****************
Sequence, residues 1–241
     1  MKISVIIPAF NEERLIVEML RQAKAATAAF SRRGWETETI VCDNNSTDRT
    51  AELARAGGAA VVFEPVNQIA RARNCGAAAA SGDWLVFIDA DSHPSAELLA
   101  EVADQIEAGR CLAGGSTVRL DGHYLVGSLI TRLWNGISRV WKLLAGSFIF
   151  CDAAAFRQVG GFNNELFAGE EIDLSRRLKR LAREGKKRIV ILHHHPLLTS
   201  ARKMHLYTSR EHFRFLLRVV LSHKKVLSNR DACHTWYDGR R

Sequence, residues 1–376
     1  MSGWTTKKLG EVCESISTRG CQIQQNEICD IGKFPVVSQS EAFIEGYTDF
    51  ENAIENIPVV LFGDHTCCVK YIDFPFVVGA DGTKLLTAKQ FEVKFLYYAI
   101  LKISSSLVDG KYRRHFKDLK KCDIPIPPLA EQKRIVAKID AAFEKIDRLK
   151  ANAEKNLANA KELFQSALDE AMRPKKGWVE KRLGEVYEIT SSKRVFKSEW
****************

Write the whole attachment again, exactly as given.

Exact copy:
Sequence, residues 1–241
     1  MKISVIIPAF NEERLIVEML RQAKAATAAF SRRGWETETI VCDNNSTDRT
    51  AELARAGGAA VVFEPVNQIA RARNCGAAAA SGDWLVFIDA DSHPSAELLA
   101  EVADQIEAGR CLAGGSTVRL DGHYLVGSLI TRLWNGISRV WKLLAGSFIF
   151  CDAAAFRQVG GFNNELFAGE EIDLSRRLKR LAREGKKRIV ILHHHPLLTS
   201  ARKMHLYTSR EHFRFLLRVV LSHKKVLSNR DACHTWYDGR R

Sequence, residues 1–376
     1  MSGWTTKKLG EVCESISTRG CQIQQNEICD IGKFPVVSQS EAFIEGYTDF
    51  ENAIENIPVV LFGDHTCCVK YIDFPFVVGA DGTKLLTAKQ FEVKFLYYAI
   101  LKISSSLVDG KYRRHFKDLK KCDIPIPPLA EQKRIVAKID AAFEKIDRLK
   151  ANAEKNLANA KELFQSALDE AMRPKKGWVE KRLGEVYEIT SSKRVFKSEW